If you are a fan of Nordic Noir novels then there is a good chance you are reading translated works such as these:
Have you ever wondered about the process of translating novels? The world of translated fiction is a little more vibrant these days but it is seen as a high risk business by some in the publishing world with very few publishers actually taking the plunge. Now there is good news for those of us who want to read more quality translations from authors in the Nordic countries. English PEN has announced that it ‘is now offering 100% translation grants to publishers with turnover of less than £500,000 per annum, increasing the threshold from the previous maximum of £100,000.’ (The Bookseller)
Various rules have applied to publishers up until now which meant that publishers who could apply for these grants were restricted. Basically smaller publishers with a turnover of less than 100,000 p.a. could apply for the PEN Translates grant that would pay for 100% of the translation costs. Publishers with a larger turnover were restricted to applying for grants to cover 75% of the translation cost. Now the threshold has been increased to include those larger companies in the 100% grant remit.
In reality this will hopefully mean that more publishers will take on more titles to be translated as they will have a greater chance of getting their costs covered. Karen Sullivan from Orenda books had this to say on the news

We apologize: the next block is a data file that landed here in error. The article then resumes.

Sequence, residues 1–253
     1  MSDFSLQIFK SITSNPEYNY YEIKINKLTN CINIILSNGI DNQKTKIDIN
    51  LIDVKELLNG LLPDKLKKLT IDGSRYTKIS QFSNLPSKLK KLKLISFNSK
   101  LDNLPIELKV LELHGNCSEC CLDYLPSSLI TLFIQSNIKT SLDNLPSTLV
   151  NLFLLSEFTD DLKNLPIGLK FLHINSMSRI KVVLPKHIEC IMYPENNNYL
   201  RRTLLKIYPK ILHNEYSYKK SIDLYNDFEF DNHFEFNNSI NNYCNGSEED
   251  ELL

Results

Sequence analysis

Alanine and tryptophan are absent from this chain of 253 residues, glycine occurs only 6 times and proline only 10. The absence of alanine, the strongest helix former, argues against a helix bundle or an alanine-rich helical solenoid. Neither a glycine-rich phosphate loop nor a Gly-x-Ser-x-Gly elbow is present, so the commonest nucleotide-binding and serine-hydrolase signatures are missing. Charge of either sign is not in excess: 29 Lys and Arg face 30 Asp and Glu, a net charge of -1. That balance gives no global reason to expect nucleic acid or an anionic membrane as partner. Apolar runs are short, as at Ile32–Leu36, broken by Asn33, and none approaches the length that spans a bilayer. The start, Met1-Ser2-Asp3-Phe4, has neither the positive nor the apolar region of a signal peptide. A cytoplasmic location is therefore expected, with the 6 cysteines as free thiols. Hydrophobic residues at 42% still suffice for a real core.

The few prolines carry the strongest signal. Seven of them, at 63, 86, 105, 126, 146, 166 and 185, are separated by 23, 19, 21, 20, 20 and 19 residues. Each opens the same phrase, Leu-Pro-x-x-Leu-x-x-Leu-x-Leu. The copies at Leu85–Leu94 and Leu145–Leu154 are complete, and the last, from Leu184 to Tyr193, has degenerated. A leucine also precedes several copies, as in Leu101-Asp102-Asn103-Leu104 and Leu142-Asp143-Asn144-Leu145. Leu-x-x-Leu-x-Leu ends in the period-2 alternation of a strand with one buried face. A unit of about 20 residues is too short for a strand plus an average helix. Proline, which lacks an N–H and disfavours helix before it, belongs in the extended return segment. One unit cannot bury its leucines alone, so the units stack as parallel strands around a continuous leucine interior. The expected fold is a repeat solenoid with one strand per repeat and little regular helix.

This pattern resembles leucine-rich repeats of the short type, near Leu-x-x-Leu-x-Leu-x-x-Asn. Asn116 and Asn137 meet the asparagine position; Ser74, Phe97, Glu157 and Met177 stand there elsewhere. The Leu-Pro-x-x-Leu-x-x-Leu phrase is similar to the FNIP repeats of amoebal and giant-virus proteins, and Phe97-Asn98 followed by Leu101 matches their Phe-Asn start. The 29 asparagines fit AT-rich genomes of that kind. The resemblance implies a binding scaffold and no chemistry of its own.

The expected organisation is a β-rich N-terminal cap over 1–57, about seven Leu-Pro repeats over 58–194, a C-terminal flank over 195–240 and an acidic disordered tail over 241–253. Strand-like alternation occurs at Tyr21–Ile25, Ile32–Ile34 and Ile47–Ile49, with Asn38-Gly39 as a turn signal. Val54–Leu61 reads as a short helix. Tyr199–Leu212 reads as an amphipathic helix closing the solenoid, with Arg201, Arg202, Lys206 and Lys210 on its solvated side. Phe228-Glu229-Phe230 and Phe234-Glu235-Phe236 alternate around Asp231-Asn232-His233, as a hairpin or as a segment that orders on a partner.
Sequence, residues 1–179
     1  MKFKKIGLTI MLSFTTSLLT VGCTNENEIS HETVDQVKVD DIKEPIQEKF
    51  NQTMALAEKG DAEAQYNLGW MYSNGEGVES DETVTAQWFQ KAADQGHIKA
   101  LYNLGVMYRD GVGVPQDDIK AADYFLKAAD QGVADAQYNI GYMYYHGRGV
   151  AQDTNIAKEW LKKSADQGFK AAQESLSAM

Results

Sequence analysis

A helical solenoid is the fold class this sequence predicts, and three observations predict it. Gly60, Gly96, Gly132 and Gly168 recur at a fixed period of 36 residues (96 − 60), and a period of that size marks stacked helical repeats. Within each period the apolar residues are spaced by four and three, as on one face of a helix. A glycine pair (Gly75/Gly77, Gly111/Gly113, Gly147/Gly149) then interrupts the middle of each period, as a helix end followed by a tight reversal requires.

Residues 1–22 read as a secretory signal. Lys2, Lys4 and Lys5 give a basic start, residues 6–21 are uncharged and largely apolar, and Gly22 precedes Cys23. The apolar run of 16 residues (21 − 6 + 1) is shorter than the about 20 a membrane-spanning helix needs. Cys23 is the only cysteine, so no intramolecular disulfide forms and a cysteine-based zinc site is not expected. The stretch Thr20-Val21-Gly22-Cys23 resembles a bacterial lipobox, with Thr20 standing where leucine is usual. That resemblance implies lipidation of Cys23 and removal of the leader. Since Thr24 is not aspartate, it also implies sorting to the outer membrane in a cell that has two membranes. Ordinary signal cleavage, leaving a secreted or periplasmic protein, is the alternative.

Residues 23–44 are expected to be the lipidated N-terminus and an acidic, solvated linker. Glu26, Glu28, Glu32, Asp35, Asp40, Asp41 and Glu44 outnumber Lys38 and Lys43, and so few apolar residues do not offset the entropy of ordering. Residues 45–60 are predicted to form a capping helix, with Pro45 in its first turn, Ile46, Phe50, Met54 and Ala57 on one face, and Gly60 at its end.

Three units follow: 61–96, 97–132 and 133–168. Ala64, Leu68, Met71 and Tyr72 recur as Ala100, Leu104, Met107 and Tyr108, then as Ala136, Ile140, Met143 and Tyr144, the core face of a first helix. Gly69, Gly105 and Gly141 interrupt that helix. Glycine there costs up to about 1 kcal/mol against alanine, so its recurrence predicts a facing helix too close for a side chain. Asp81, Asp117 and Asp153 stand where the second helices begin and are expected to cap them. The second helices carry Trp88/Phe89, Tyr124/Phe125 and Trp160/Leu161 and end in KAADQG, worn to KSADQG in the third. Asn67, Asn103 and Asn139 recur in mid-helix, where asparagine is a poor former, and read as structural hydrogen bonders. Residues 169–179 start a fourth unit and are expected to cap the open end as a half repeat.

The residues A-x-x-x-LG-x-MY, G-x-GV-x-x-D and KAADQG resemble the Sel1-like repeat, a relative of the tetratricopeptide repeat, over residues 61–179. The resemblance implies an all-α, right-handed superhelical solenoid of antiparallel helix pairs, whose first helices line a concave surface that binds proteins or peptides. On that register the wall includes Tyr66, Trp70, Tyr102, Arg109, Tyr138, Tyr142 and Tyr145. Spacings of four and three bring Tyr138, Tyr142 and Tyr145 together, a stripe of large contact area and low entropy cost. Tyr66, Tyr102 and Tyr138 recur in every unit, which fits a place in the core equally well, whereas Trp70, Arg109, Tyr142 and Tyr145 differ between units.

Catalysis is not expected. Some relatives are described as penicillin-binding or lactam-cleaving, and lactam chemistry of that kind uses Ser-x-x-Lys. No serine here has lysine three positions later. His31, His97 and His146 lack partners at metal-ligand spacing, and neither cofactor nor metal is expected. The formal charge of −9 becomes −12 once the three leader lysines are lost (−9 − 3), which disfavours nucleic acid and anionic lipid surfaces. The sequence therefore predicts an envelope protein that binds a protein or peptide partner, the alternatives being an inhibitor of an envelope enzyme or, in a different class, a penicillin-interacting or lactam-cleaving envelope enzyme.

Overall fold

‘I’m delighted by this news, as it will hopefully encourage more publishers to take on international books that deserve to be read in English. It’s always a risk to publish translated literature, but I also know that it is an honour to bring some of the best world literature to English readers. I’m publishing three literary translations this year, with Icelandic author Ragnar Jonasson’s Snowblind (translated by Quentin Bates) and Norwegian crime writer Gunnar Staalesen’s We Shall Inherit the Wind (translated by Don Bartlett) just out, and Finnish writer Kati Hiekkapelto’s The Defenceless (translated by David Hackston) published in September. The response has been staggeringly positive; in fact, we’ve already reprinted Snowblind and it’s only been in the shops for a week. There is no doubt that the appetite for translations is increasing all the time, and PEN’s efforts to support this will provide the impetus to feed it.’
Grants for 2015 were announced in May by PEN and you may be interested to hear that a children’s fantasy novel from Denmark Erik’s Journey to Valhalla by Lars-Henrik Olsen, translated from Danish by Paul Russell Garrett (Aurora Metro Books) was awarded a grant to be translated.